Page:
“I told you four thirty so you wouldn’t be late!”
Aoife slid the mobile phone back into her trouser pocket and waved her arms like a frantic traffic warden to try and stay warm. She berated herself for not having known better, not having called his number sooner. What a loser! Mr Can-do-anything-no-problem-at-all-you-can-count-on-me hadn’t even got out of bed yet.
Together they were meant to function as one small but very crucial cog in a minutely planned out operation. They’d made it clear that recruiting a helper for the cemetery spray walk was solely Aoife’s responsibility. She sighed.
Jack scratched the small circular bald spot amidst his otherwise still rather thick mop of hair. Kept reasonably short with just a bit of length at the front and to one side. She said it looked like a cumulus cloud with a one-sided cirrus extension. He had thought the woman rather attractive last night. Hadn’t heard much of what she said over the din inside The Jolly Gravedigger’s. The place was always packed on a Saturday night.
Her eyes the colour the sky had been all week, predominantly grey with dark clouds passing through, drew him in completely. It was all he could do to try and resist the temptation to ask her to come home with him. Instead he keyed his phone number into the address book on her mobile. As contact name he entered “Call me Jack”. The thought of that clever move made him smile. And now she had called. What a peculiar phone call though. None of what she said made any sense to him at all. It was news to him that he had agreed to meeting her at half four this morning, in the cemetery of all places. For a very important spray job. A spray job? Jack was puzzled but intrigued.
She hung up before he could ask what exactly that meant, obviously assumed he was in the know. He remembered smiling and nodding a lot last night and going weak in his knees whenever she touched his arm emphatically. There was such urgency in her voice just now that it had catapulted him out of bed at this ungodly hour. Good grief, it was still dark outside.
And who were they? They who would ruin any chance of survival she had if he didn’t rush over to the east gate which wasn’t guarded and didn’t have a security camera and would be easy to climb over. He was late already she said and if the job didn’t get done by six sharp she’d be as good as dead.
Ten past five. He better be here quick or all was lost. Aoife stopped pacing around the grave nearest the east gate. She slid the rucksack off her shoulders and opened the zip. Assuring herself that it did contain the two envelopes which they had delivered into her letter box at midnight.
Aoife was in bed of course at the time but Jonjo, her Golden Retriever, had growled and pawed her arm to wake her. They knew that the new recruit’s name was Jack, so on the outside of one of the envelopes was written Jack, on the other Aoife. Both envelopes were there alongside two pairs of night vision goggles and two spray cans. The fluorescent yellow one was for Jack, the green one for her. That was Aoife’s decision, who would get to spray in which colour. They didn’t micromanage to that level, although they did micromanage quite a lot.
Jack and Aoife were meant to kick this off together and open the envelopes at the same time, but it wouldn’t do to wait any longer. She just had to hope that Jack would arrive soon and on realising that she must have gone ahead without him would take his clues from the contents of her abandoned rucksack and catch up with his part of the assignment.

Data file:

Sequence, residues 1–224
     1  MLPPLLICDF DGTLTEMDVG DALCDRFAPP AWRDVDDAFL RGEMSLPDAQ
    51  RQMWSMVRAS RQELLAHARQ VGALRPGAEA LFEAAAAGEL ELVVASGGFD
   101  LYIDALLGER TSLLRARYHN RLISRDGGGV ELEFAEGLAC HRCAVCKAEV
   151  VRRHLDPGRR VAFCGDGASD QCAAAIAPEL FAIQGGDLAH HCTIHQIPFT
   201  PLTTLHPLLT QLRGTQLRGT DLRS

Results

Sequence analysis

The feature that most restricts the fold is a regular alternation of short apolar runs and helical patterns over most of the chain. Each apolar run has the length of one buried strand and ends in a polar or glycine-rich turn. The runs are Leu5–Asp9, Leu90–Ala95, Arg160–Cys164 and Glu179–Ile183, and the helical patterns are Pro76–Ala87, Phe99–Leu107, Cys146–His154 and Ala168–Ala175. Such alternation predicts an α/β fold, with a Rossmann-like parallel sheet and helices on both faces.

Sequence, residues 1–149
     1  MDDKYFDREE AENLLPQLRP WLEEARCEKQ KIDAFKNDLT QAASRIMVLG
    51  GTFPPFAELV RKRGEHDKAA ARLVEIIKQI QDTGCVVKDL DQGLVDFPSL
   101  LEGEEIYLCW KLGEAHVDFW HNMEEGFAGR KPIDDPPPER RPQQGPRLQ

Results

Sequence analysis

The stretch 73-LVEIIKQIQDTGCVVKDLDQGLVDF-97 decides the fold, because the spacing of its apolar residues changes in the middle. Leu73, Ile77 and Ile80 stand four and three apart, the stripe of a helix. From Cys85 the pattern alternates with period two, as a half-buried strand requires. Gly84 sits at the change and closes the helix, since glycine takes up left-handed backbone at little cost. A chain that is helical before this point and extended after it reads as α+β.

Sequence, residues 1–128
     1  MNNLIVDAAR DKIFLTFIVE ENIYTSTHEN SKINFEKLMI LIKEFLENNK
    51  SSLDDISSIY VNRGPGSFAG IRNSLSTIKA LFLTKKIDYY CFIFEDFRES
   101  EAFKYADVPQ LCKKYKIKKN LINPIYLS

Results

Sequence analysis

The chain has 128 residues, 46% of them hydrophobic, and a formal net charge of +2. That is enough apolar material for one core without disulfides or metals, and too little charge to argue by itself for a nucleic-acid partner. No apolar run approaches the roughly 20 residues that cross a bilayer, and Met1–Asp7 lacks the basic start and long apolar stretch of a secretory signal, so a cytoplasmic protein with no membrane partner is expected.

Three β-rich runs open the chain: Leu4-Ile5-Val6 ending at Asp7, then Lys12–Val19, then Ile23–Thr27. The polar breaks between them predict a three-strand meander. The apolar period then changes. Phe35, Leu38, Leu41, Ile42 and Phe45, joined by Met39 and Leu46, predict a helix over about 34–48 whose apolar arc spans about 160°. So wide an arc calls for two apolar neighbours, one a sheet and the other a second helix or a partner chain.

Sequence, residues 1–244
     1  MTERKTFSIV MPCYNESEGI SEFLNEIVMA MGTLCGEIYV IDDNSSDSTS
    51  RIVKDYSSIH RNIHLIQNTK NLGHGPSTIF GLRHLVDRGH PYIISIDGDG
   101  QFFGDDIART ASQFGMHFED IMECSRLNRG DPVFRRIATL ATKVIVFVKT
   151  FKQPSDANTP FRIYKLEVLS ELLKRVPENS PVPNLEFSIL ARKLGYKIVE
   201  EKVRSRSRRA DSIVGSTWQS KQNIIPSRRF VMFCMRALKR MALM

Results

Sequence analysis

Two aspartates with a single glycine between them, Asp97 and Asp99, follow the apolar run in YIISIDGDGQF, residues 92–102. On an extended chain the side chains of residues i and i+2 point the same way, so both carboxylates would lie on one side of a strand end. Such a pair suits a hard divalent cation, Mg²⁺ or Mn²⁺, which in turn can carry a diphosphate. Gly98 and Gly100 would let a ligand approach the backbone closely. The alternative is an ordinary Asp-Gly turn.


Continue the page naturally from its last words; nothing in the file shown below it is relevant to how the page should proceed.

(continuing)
“Starting with the headstone closest to the east gate, spray the words ‘Forget death!’ across the inscription on every headstone to the left of the gravel path between here and the west gate. Make it so that each t is an upturned cross. Hurry, time is of the essence!”
Risky and no doubt forbidden as it was, Aoife couldn’t resist taking a sneak look at Jack’s instructions. He was to spray “Death is dead!” on all headstones along the right side of the path. At least they weren’t being sent off in different directions. And the grave plots to the right of the path were bigger meaning fewer headstones and a good chance that Jack could catch up.
Jack did catch up with Aoife at the second last tomb before the west gate.
“We have to hide in here, Jack, until this place opens up and gets busy and we can slip out unseen.”
Jack nodded, but stood as though frozen to the ground. Above the tomb towered the sculpture of a Golden Retriever his head turned skyward in silent anguish. “This dog,” he started but was cut short when she took him by the hand and pulled him down the sunken path to the back entrance into the vault.
An upturned cross was carved into the top part of the granite door. The plaque below it simply said Moonigan. Jack swallowed, “That’s freaking me out now. I’m a Moonigan, Jack Moonigan.”
“That must be why they directed us here, don’t you see?”
She bent down and reached into the gap between the door and the earthy ground. Before he could get himself lost in observing her trim and boyish figure, travelling into his mind via the shades of green which the night vision goggles presented to him, she rose back up and triumphantly waved a massive key in front of his eyes. The key reminded him of his Georgian basement flat, the one he had briefly shared with one of his many girlfriends from way back when he was a student. What had been her name again?
“After you,” she said.
Why was it that the musky smell made him choke and retch instantly? Her hand on his back urged him on. Gently at first, then with a hard push.
“And I’d be a Moonigan, too, if you’d done the decent thing and married my mother 25 years ago, Jack Moonigan!”
The heavy door closed behind him.
(c) Ash N. Finn, 2013